Why did you decide to study at The School of The New York Times?
I decided to study at The School of The New York Times because I knew this program would be different. As a high schooler, students are bombarded with multiple different pamphlets in the mail advertising programs that you don’t even have to apply for. I knew that I did not want to do a program like that. I did a ton of research on summer programs and The School of The New York Times was by far the best one. It had everything I wanted: a wonderful location, interesting courses, and prestigious faculty.
Which course did you take and why?
I took Inside the Hill: Government, Law, and Ethics in Washington DC because I wanted a course that combined all of my interests (government, law, and ethics), and this course did perfectly.
If you had to name one thing that you learned from your time here, what is that one takeaway that will stay with you?
365体育备用网址The one key takeaway that will stay with me from my time here is that if you don’t ask, the answer is always no. I remember talking to my professor after I had asked Jim Acosta a question about our class project and she said that exact quote and it really resonated with me. During my experience at The School of The New York Times, I was able to do some many amazing new things just because I raised my hand and said “Sure, I’ll do it.” This is a lesson that will stick with me forever.
What was your favorite site visit?
My favorite site visit was the Newseum because I got to meet Jim Acosta. He was having a talk there for his new book when we were having our site visit, so my friends and I decided to go see the talk. At the end of the talk, it was opened up to questions, so I decided to go up and ask Jim Acosta a question about our final project for the course I was taking. So pretty much Jim Acosta helped me with my homework.
Who was the most memorable guest speaker?
365体育备用网址The most memorable guest speaker was Clark Neily, a libertarian lawyer who works for the Cato Institute. He argued the first Second Amendment case to the Supreme Court. This pretty much means that he argued the case that made the Supreme Court give their opinion on guns. Although I did not agree with most of what Mr. Neily had to say, it was so interesting hearing from someone with his perspective. He is a firm believer in personal liberties and having the Constitution being interpreted as it was written. He also was very open to answering all of our many questions.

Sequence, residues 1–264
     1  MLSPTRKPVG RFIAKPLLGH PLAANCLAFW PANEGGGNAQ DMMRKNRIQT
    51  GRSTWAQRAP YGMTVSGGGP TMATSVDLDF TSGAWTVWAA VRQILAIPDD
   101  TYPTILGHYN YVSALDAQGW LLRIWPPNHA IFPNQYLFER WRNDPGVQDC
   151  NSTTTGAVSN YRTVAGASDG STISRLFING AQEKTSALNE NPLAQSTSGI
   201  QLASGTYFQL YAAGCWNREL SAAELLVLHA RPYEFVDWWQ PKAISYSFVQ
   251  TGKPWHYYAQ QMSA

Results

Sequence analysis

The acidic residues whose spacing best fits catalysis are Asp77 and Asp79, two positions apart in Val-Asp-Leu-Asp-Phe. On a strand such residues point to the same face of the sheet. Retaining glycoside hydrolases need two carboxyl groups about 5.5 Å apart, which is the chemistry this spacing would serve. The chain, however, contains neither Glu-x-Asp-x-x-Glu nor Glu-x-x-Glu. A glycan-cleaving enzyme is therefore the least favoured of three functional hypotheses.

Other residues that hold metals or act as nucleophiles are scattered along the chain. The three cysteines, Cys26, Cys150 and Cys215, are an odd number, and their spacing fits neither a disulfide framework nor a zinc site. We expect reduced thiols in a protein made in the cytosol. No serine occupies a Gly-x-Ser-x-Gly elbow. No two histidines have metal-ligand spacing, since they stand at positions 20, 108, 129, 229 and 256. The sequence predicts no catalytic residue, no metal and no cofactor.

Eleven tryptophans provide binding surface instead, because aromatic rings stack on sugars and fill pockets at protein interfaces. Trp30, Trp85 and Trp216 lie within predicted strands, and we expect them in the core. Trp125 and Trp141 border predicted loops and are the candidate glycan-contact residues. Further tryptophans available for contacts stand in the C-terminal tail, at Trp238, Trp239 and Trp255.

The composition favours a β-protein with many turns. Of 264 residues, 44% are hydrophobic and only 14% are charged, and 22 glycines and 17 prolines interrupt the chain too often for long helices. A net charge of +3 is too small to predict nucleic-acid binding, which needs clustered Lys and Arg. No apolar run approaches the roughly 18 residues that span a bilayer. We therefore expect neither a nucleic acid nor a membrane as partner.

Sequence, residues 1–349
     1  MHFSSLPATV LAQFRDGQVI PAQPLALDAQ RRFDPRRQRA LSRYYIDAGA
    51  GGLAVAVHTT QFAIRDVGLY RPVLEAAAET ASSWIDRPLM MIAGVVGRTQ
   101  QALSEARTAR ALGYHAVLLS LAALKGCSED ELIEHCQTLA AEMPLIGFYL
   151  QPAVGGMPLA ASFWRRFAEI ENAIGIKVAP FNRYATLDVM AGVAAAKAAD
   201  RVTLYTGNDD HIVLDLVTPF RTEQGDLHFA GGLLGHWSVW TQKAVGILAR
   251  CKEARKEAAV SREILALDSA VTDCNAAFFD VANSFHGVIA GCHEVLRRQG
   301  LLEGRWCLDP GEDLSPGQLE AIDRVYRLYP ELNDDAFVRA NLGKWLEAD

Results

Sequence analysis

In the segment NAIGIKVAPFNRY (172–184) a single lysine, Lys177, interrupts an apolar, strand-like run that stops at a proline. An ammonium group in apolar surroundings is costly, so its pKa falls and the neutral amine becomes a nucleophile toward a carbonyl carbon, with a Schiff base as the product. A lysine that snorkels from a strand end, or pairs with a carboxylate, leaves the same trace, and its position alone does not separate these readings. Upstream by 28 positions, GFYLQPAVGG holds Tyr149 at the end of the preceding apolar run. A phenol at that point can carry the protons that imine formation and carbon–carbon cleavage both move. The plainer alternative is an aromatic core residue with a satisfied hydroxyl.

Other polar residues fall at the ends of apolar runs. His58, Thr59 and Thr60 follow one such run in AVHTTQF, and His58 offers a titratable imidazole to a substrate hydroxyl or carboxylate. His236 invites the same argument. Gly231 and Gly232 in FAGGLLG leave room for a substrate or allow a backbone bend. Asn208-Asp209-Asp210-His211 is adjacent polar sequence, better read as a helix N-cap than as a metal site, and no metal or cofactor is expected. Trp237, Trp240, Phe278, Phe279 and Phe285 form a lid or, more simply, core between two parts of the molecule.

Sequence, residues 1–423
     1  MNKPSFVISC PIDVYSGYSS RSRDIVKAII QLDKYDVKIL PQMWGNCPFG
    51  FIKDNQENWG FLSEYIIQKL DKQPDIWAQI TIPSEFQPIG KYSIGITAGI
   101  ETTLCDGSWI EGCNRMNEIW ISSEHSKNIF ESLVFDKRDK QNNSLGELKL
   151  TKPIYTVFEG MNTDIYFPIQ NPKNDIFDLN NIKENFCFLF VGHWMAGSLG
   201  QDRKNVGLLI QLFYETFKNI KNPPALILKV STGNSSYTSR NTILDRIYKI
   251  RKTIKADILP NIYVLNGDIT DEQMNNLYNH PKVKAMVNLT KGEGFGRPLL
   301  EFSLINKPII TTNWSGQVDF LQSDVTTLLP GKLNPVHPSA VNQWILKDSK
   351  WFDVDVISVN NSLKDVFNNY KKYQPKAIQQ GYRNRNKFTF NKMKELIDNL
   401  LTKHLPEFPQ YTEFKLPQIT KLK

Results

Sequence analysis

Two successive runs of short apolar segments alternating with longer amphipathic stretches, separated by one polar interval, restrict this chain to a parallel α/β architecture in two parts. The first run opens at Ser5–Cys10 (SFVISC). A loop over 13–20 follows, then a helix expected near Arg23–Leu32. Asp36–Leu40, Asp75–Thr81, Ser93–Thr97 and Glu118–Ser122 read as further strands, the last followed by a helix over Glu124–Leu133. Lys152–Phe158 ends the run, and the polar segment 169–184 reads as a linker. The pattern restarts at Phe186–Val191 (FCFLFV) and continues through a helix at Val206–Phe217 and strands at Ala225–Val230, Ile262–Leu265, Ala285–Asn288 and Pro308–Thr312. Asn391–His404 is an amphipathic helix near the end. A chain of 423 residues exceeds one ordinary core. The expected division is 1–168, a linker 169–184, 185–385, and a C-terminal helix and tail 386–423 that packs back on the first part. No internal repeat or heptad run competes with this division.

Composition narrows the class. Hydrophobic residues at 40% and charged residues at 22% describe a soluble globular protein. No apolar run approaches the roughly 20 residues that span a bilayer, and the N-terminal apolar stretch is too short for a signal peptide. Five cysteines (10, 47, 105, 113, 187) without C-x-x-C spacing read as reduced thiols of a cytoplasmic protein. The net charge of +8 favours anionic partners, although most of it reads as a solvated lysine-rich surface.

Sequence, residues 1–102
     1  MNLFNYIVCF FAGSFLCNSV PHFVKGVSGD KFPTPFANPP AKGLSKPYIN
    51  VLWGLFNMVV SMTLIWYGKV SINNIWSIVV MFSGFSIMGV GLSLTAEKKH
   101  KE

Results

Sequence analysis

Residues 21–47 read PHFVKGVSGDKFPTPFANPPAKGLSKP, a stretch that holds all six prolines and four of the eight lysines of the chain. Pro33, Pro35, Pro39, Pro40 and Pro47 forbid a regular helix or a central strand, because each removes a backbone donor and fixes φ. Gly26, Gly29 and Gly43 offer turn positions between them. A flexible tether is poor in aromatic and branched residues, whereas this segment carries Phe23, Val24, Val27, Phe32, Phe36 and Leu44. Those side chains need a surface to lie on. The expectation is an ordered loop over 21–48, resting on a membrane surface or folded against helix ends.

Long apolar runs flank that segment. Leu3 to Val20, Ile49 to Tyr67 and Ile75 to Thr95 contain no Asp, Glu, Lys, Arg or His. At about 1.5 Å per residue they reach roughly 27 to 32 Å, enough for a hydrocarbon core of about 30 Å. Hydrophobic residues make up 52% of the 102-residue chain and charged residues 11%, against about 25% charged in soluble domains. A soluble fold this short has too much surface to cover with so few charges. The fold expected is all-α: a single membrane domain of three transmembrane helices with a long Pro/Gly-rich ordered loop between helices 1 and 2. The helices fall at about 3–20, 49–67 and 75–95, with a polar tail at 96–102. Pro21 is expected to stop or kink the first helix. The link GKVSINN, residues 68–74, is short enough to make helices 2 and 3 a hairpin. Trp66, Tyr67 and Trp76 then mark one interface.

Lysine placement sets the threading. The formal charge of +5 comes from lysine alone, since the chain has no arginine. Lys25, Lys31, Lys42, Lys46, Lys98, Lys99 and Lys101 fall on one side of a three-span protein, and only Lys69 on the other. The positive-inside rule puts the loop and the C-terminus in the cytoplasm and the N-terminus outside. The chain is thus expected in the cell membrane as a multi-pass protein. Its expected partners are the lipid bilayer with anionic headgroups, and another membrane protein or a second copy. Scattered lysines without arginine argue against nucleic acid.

What were your faculty like?
My faculty was amazing! My two professors were actual college law professors, so they had endless knowledge on the topics we were learning. Also, my Academic Room Assistant was absolutely great and knew so much about the topics we were learning as well.
What does The New York Times mean to you?’
365体育备用网址The New York Times used to mean to me a reliable news source. It used to mean news notifications on my phone and a source I would go to get constant information for debate. And it still means all of those things to me. But now it means even more. It means a place where I met some of the best people I have ever met in my life and made some friends I will have forever. It means a community of people who are just as curious and eager to learn as I am. It means learning something that both challenges me and excites me at the same time. It means the best two weeks of my life.
What does it mean to you to study in DC?
365体育备用网址Studying in DC was absolutely amazing! It was amazing to be able to study in a place where everything that you were learning about was actually happening. We were learning about Congress and then actually got to go see Congress in session, which is something I will never forget.
What do you think you want to be when you grow up?
Before I came to the School of The New York Times, I was dead set on going into medicine. I even had my majors in college decided: a biology major with a minor in political science. But after having two law professors teach me, I am now questioning my original plan. I am now really considering going into law after learning Constitutional Law from two law professors.